Developers are more than willing to share the benefits of butanol compared to ethanol. While the ethanol industry is still struggling to make E15 legally available for sale, butanol can currently be blended at up to 12.5 percent by volume. At this level, it is defined under the Clean Air Act as being “substantially similar” to gasoline, which means it can be used in gasoline infrastructure, including pipelines and retail dispensers, without modifications. Additionally, because the Energy Independence and Security Act of 2007 declared that isobutanol has 30 percent more energy than ethanol, producers generate 1.3 renewable identification numbers (RINs) per gallon of isobutanol compared to 1 RIN per gallon of ethanol.

One of ethanol’s most well-known, albeit not insurmountable, flaws is its affinity for water. This phase separation issue is nonexistent for butanol, according to companies like Gevo, which, in a white paper addressing many of the differences between the two fuels, stated that butanol acts more like a hydrocarbon when introduced to water in a fuel blend, thereby avoiding any dilution of the gasoline’s octane and reducing or entirely eliminating any operational issues related to water content.

What’s the Catch?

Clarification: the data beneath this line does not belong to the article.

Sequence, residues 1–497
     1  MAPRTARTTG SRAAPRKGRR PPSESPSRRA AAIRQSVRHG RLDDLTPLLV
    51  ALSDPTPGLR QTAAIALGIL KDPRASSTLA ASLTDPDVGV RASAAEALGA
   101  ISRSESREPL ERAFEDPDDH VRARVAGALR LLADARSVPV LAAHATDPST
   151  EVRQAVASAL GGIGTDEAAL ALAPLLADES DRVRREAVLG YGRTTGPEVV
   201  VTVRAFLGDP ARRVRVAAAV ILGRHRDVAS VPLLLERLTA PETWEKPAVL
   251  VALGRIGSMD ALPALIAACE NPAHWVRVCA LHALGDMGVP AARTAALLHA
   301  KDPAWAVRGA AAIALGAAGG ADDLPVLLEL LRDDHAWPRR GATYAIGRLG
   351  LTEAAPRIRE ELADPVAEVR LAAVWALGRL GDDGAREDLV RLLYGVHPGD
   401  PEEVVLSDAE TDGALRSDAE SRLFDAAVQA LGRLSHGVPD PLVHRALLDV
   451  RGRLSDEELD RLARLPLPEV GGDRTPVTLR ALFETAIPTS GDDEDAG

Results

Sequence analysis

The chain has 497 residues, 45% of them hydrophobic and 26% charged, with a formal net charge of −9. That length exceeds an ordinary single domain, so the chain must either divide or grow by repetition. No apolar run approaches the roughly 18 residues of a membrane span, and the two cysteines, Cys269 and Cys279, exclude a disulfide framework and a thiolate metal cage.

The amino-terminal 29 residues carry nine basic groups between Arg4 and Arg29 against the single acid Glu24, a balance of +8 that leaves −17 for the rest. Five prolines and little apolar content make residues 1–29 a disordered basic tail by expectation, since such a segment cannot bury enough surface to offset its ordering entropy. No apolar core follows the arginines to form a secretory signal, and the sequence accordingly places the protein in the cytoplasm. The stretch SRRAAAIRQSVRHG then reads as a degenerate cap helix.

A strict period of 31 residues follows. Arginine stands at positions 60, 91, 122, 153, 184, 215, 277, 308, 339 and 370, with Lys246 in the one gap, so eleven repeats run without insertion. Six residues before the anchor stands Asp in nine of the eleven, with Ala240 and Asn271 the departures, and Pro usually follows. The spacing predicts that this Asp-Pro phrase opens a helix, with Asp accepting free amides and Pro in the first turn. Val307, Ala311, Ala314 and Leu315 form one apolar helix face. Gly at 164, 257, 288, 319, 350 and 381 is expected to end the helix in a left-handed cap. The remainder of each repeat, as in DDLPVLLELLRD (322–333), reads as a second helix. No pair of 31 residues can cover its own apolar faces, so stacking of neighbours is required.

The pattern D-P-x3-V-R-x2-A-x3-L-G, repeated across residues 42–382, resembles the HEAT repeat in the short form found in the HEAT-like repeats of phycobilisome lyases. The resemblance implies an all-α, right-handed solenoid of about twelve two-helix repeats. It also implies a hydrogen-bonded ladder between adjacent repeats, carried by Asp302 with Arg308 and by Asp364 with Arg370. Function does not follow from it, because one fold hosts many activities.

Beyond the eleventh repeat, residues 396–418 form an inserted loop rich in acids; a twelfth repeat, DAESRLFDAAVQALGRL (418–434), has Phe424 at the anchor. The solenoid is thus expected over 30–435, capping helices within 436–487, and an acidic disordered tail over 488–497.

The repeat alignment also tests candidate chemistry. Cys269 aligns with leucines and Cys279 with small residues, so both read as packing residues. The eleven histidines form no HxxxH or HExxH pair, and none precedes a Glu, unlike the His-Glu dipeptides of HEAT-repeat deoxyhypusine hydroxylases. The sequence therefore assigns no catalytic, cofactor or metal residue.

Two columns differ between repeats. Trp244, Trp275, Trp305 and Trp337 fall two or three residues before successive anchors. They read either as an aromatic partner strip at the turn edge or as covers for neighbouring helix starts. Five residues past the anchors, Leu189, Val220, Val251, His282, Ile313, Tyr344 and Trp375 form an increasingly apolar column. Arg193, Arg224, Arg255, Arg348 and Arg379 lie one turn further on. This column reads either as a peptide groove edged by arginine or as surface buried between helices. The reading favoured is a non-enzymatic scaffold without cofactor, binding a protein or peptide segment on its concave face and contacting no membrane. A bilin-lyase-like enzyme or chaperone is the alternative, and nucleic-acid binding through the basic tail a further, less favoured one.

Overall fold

For all of its benefits, there are also multiple issues left to be resolved before butanol can stake its claim as being a widely used gasoline additive. For example, as ethanol producers know, the U.S. EPA allows fuel containing 9 to 10 percent ethanol to exceed the 9.0 psi Reid vapor pressure (RVP) limit by 1 pound during summer months. Because the waiver strictly applies only to E9 or E10 blends, if butanol-blended fuel were to be added to a storage tank containing E10 in the summer months, diluting the overall ethanol content to less than E9, the fuel would violate EPA regulations if the RVP is greater than 9.0 psi. This puts would-be suppliers of butanol blends at a disadvantage because they would likely need to store that fuel and ethanol-blended fuel in separate tanks in order to avoid potential compliance issues. “If I go to my local fuel station and buy a truckload of E10 and the next day I buy a truckload of B12.5, I cannot pour that truckload of B12.5 into the E10 that’s already in the tank because it will reduce the volume of ethanol in the tank to less than 9 percent,” explains Glenn Johnston, vice president of regulatory affairs at Gevo. “Thus, even though the two fuels separately are perfectly legal in commerce, when you mix them together in an underground storage tank they would be illegal. It’s a complexity in the compliance that we are working with EPA to resolve. It has nothing to do with the emissions criteria or the cleanliness. It has everything to do with how the EPA enforces the fuel and fuel additives underneath the Clean Air Act in commerce.”